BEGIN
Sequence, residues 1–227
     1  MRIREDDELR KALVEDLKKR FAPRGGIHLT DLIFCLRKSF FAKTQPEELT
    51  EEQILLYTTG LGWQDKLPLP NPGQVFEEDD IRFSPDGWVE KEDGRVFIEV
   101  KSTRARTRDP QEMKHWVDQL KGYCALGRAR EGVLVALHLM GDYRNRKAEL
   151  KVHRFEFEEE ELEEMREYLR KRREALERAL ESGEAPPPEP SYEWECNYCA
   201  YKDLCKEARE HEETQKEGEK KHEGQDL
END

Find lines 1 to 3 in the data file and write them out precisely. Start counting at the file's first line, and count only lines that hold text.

Sequence, residues 1–227
     1  MRIREDDELR KALVEDLKKR FAPRGGIHLT DLIFCLRKSF FAKTQPEELT
    51  EEQILLYTTG LGWQDKLPLP NPGQVFEEDD IRFSPDGWVE KEDGRVFIEV